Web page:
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Shell says to take FID on Bonga Southwest deepwater oil field soon

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Shell says to take FID on Bonga Southwest deepwater oil field soon

  • Author
  • Eklavya Gupte
  • Editor
  • Derek Sands
  • Commodity
  • Oil

Lagos, Nigeria — Shell Nigeria's production unit Tuesday said it hoped to conclude negotiations soon on a commercial framework for the expansion of the Bonga deepwater oil field, after which a final investment decision will be taken to start the project, billed to add around 1 billion barrels to Nigeria's oil reserves.

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Shell previously said it expects to take the FID on the Bonga Southwest/Aparo field development project in 2018, but this seemed increasingly unlikely after legal disputes between Shell and the Nigerian National Petroleum Corp..

"A timeframe for the FID will be announced after the conclusion of commercial discussions with [the Nigerian] government," Managing Director of Shell Nigeria Exploration and Production Co. Bayo Ojulari said in a company statement.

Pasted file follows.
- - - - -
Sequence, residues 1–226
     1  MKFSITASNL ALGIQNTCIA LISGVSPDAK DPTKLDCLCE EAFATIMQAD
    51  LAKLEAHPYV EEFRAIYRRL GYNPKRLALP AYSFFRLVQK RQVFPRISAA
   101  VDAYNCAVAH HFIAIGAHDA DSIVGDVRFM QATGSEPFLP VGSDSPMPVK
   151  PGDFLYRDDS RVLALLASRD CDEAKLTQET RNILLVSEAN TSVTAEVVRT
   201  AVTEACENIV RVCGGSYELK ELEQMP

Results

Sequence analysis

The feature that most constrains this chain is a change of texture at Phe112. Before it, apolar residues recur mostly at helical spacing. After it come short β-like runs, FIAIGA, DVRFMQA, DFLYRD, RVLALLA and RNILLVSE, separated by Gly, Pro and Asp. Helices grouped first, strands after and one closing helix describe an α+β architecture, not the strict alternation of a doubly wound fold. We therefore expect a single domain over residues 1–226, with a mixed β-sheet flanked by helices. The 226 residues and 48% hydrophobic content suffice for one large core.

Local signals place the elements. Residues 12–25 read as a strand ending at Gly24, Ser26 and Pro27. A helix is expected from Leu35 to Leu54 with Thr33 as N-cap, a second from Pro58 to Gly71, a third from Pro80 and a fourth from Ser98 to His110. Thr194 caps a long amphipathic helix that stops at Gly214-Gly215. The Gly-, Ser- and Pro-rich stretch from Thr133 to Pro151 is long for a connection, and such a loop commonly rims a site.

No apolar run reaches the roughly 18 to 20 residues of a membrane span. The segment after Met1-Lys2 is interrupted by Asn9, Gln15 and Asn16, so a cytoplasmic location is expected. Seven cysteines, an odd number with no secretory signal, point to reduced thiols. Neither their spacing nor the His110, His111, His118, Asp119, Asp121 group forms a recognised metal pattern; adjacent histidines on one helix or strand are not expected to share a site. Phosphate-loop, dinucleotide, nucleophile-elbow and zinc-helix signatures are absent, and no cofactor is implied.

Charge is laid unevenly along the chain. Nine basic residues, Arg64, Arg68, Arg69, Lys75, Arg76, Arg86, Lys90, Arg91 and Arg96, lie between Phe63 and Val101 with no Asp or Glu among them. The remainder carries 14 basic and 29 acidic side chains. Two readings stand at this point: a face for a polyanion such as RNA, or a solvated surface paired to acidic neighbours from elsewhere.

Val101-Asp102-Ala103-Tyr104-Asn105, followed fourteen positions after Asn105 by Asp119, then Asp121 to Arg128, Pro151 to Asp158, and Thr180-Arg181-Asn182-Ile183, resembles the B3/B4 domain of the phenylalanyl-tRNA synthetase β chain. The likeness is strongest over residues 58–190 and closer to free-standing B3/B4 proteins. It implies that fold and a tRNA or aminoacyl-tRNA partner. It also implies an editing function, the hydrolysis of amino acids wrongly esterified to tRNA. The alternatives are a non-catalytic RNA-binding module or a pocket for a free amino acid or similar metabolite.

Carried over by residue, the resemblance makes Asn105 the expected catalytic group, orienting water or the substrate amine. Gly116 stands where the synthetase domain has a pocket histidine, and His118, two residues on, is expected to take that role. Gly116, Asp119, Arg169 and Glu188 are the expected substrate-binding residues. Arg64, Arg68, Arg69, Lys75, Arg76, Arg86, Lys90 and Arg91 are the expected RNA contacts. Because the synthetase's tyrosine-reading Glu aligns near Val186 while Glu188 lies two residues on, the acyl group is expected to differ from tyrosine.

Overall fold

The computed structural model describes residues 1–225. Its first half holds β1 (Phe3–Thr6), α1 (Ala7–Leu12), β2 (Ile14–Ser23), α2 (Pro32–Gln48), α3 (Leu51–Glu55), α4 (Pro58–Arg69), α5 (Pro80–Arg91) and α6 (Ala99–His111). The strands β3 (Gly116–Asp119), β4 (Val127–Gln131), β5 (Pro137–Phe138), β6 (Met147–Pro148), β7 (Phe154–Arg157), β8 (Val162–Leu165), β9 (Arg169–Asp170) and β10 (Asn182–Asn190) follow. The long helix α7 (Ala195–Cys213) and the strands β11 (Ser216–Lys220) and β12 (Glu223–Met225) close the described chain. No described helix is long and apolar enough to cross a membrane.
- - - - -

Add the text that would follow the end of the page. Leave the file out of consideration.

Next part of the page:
"The discussions are ongoing and may be concluded soon," Ojulari said.

NNPC chief executive Maikanti Baru had said July 4 that both the NNPC and Shell were trying to resolve, through arbitration, disputes over terms contained in the production sharing contract agreement that governs the Bonga Southwest field.

Developing Bonga Southwest was billed to cost $10 billion, according to NNPC estimates.

The bulk of Bonga Southwest's resources are located in an area referred to as OML 118, but it also extends into OMLs 132 and 140, areas operated by US company Chevron, where the field is called Aparo.

Other partners in the project are France's Total, Italy's Eni and South Africa's Sasol Petroleum.

Faced with declining oil revenue, Nigeria announced in 2015 it planned to review PSCs with foreign companies, proposing an increase in royalty rates for terrains beyond 1,000 meters, from zero to 3%, and a royalty rate of 8% for output of up to 50,000 b/d.

The government's bid was backed by the country's oil industry auditor, Nigeria Extractive Industries Transparency Initiative (NEITI), which said last week that the failure to review the PSC agreement with foreign companies cost the Nigerian government $35 billion in revenue between 2015 and 2017.

Under PSCs, NNPC holds the concessions, and the outside drillers fund development of the mostly deepwater offshore blocks and recover their costs from the production after royalty payments.

Output from PSC fields including Bonga, Erha, Agbami, Akpo, Usan and Egina, account for around 50% of Nigerian oil production, according to NNPC estimates. --Eklavya Gupte,

--Edited by Derek Sands,